The book corner

Helen Huleatt | September 2018

Two-year-old Roderick’s key person held him on her lap while she read Shirley Hughes’ Alfie Gets in First. Roderick’s eyes were big and serious throughout the crisis, and he held his body rigid. When the critical moment was resolved, Roderick’s whole body relaxed and he laughed aloud. Then he wanted to hear the story again.

Sharing this book strengthened the positive relationship between Roderick and his key person, who realised that he is capable of mentally and emotionally putting himself in another’s situation. She also learned that Roderick, normally a boisterous child, can be focused and quiet when his interest is engaged.

children and teacher share books in the book corner

Books have a tremendous influence on many areas of learning. They can introduce themes of friendship, diversity, and overcoming challenge, thus helping to develop character. They can expand children’s knowledge of the world, other people, cultures and traditions, or they can introduce imaginary themes. It is said that the best way to strengthen children’s intelligence is to read them fairy tales.

The book corner should be in the quietest part of the room and include at least one small nook for children who want solitary space. It should be protected on three sides by walls, shelves, or room-dividing panels. Carpet or rugs and soft seating or cushions add a cosy feel, and an arch or some fabric overhead make the area inviting. A window panel and puppets can link the book area to role play if desired.

Book corner learning and development observations:

Communication and Language

Listening and attention

  • Babies respond to hearing nursery rhymes or singing.
  • When stories are told or read aloud, children learn to listen attentively, anticipate events, and respond to what they hear with comments, questions or actions.
  • They learn non-verbal communication through body language and facial expression.


  • Children ask “how” or “why” in response to stories, providing learning opportunities.
  • Children learn to make connections with their own experiences.


  • Stories lead to conversations, empowering children to express their own ideas.
  • Repetition of stories and poems establishes the basics of language in children’s minds and reinforces learning. Children may recite familiar phrases.
  • Children learn enjoyment of language, including humour and word play. They love to use big words and will often adopt vocabulary from books.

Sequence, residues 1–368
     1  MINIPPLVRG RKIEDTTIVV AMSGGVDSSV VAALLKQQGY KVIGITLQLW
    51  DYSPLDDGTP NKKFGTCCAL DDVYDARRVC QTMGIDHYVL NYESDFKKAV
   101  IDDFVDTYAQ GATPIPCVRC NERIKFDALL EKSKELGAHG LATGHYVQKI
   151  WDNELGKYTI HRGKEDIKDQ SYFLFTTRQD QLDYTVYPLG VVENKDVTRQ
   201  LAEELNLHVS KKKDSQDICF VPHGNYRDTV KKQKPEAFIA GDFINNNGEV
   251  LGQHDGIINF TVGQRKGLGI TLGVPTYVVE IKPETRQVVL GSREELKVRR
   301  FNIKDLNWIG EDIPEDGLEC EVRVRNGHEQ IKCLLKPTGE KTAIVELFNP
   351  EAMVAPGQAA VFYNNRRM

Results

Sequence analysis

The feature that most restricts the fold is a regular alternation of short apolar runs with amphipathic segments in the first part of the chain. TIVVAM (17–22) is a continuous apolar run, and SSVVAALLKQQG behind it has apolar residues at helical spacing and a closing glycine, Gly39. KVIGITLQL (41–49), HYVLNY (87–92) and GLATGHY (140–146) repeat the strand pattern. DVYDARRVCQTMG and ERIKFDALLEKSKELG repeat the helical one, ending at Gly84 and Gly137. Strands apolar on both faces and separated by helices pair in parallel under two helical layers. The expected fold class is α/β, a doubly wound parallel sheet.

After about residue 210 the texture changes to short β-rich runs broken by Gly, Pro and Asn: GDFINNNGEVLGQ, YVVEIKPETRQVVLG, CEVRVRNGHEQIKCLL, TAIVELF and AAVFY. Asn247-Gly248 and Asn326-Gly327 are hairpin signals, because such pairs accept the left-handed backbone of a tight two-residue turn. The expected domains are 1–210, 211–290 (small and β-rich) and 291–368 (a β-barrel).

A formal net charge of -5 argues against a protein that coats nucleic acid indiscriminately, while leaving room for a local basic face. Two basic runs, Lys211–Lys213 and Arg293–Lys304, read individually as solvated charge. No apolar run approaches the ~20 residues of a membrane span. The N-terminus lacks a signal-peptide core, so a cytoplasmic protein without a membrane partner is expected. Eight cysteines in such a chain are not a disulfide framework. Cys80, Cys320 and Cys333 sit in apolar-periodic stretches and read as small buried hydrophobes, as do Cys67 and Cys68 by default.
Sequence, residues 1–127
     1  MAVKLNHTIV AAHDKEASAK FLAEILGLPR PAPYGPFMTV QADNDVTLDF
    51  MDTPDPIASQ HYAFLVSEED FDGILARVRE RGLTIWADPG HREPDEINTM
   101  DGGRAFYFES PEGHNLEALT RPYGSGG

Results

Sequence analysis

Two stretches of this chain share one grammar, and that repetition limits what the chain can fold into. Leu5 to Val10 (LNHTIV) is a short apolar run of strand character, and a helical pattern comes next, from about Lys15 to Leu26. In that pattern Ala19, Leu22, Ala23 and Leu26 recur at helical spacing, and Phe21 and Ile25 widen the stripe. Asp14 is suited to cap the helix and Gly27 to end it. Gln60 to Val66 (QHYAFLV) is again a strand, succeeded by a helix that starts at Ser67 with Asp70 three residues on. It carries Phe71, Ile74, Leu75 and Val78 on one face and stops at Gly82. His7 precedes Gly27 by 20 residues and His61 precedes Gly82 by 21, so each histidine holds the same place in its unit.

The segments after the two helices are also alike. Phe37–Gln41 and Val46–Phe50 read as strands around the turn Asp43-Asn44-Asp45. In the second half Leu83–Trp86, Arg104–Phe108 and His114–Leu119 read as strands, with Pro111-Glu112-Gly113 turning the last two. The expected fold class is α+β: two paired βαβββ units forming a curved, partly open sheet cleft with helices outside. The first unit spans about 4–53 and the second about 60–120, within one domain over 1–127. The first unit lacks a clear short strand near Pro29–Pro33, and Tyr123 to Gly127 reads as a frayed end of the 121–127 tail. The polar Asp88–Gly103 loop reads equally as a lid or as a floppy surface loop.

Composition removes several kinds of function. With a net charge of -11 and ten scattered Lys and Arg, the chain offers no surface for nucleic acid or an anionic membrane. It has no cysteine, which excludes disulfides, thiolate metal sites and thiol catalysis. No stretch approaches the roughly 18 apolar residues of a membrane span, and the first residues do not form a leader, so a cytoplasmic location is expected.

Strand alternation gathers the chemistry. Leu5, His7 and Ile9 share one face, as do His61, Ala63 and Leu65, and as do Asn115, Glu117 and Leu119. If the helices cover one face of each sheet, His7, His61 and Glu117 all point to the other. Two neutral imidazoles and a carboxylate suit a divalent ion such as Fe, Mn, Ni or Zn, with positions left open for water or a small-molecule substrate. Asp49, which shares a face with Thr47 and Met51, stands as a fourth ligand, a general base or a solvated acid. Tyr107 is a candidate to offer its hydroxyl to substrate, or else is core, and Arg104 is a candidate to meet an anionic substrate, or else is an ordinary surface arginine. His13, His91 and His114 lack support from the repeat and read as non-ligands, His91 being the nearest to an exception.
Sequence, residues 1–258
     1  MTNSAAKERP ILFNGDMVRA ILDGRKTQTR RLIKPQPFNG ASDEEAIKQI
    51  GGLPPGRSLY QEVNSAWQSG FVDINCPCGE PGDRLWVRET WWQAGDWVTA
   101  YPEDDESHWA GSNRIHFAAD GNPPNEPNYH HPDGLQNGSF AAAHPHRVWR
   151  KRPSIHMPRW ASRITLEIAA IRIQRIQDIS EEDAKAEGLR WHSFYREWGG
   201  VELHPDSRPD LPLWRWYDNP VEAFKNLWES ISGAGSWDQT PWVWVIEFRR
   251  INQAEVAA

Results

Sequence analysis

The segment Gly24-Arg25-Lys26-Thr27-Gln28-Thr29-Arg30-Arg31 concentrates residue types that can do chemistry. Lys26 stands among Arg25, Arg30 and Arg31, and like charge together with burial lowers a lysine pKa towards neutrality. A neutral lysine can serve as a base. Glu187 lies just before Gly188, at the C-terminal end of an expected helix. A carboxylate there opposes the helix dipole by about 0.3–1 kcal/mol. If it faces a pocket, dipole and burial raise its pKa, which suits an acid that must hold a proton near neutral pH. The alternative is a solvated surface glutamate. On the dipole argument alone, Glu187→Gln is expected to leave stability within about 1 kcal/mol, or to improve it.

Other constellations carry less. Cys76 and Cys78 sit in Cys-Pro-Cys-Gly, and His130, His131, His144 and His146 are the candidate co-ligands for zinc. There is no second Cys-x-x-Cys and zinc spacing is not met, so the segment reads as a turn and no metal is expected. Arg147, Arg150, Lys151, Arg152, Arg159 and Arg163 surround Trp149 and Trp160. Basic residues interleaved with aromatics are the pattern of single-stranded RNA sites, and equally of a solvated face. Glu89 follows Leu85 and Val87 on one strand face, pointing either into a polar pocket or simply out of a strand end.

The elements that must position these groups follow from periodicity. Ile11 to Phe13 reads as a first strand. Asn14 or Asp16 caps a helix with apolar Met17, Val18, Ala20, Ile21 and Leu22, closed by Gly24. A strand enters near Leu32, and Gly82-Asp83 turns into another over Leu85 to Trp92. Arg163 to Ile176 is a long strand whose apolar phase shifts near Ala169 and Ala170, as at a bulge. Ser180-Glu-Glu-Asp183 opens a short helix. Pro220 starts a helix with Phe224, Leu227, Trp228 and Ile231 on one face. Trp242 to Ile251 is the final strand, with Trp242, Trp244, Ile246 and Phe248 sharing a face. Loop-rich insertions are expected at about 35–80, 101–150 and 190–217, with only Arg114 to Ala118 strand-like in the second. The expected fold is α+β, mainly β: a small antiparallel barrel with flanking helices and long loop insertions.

beautiful book corner

Physical development

Health and self-care

  • Children will discuss ways to keep healthy and safe if the topic is introduced in a story.
  • Children enjoying books may be experiencing quiet rest which is essential for healthy physical development.

Personal, social and emotional development

Managing feelings and behaviour

  • Through stories, children build empathy. They may shiver with suspense or delight according to the story-book characters’ experience. They acknowledge how others feel.
  • Some stories deal with emotions explicitly; others (such as fairy tales) deal with feelings implicitly, allowing children to safely explore fear, anger, grief, or anxiety.

Making relationships

  • Sharing books builds a positive relationship between key person and child.
  • Enjoying a good book with a group of children strengthens group solidarity.



  • In books, children see plainly that writing tells a story. They become intrigued and eager to unlock the code themselves.
  • Children may begin to link sounds and letters if they look at the writing while a book is being read aloud.
  • Children can learn valuable literacy skills – context, sequencing, and searching for meaning –from picture books (with or without text).


  • Books inspire children to tell their own stories; an adult scribing these stories demonstrates the link between spoken and written language.
  • Children may be inspired to create books, including their own illustrations and simple words (or captions added by the teacher).
  • Early mark making is often story-telling by children.
  • Children will begin writing when they are developmentally ready.

two children enjoy a book together

Understanding the world

People and communities

  • Books and stories stimulate discussion on similarities and differences between children, their families, communities, and traditions.
  • Books in different scripts provide opportunity to recognise similarities and differences.

The world

  • Books teach children about other lands, communities and cultures. Discussion follows naturally.
  • A good variety of books will feed individual interests, enabling children to learn about animals and plants for instance, and extending their understanding of the world – and the universe.

Expressive art and design

Being imaginative

  • Books may inspire children to act out stories through role play, puppets or dance.
  • Children’s expressive art and design may be stimulated by picture book illustrations.
  • Stories are often reflected in children’s art and block play.
Book Corner, Communication & Language
Early years
Teacher training, Professional development